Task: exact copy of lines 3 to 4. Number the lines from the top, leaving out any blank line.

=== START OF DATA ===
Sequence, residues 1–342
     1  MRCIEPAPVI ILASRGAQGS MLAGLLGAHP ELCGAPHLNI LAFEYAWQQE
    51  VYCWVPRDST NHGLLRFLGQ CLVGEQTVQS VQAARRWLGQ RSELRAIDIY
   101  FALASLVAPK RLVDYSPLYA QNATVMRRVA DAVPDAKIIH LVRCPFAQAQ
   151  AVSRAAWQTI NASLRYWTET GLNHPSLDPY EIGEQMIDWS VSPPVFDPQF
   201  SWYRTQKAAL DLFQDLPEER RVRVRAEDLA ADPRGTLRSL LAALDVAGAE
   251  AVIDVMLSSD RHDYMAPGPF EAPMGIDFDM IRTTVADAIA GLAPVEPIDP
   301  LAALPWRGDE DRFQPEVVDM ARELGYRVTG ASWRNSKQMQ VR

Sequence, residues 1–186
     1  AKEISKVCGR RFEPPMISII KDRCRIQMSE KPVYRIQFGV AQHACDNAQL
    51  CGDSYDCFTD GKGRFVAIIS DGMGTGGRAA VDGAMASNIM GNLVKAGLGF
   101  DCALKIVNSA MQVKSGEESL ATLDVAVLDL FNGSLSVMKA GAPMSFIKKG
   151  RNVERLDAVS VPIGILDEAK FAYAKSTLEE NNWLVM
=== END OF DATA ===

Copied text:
    51  VYCWVPRDST NHGLLRFLGQ CLVGEQTVQS VQAARRWLGQ RSELRAIDIY
   101  FALASLVAPK RLVDYSPLYA QNATVMRRVA DAVPDAKIIH LVRCPFAQAQ